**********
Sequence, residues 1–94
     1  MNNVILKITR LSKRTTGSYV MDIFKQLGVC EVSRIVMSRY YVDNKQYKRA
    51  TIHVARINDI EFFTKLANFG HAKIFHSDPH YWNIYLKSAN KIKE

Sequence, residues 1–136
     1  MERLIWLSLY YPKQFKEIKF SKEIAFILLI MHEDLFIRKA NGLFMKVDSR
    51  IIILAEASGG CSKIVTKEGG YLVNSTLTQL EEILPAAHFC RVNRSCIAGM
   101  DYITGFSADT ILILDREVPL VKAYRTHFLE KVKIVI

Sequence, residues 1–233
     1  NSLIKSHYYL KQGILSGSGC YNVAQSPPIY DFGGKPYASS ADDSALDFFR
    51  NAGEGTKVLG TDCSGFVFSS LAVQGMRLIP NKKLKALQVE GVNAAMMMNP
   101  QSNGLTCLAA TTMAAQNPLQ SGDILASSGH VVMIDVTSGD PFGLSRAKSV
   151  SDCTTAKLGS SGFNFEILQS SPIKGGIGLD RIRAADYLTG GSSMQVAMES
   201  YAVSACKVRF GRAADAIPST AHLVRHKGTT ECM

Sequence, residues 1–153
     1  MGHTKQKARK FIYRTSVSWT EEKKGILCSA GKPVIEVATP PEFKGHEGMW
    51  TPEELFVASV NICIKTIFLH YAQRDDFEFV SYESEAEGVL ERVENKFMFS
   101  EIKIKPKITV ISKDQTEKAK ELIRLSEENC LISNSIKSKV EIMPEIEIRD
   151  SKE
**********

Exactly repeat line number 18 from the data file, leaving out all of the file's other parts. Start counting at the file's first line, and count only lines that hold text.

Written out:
   151  SKE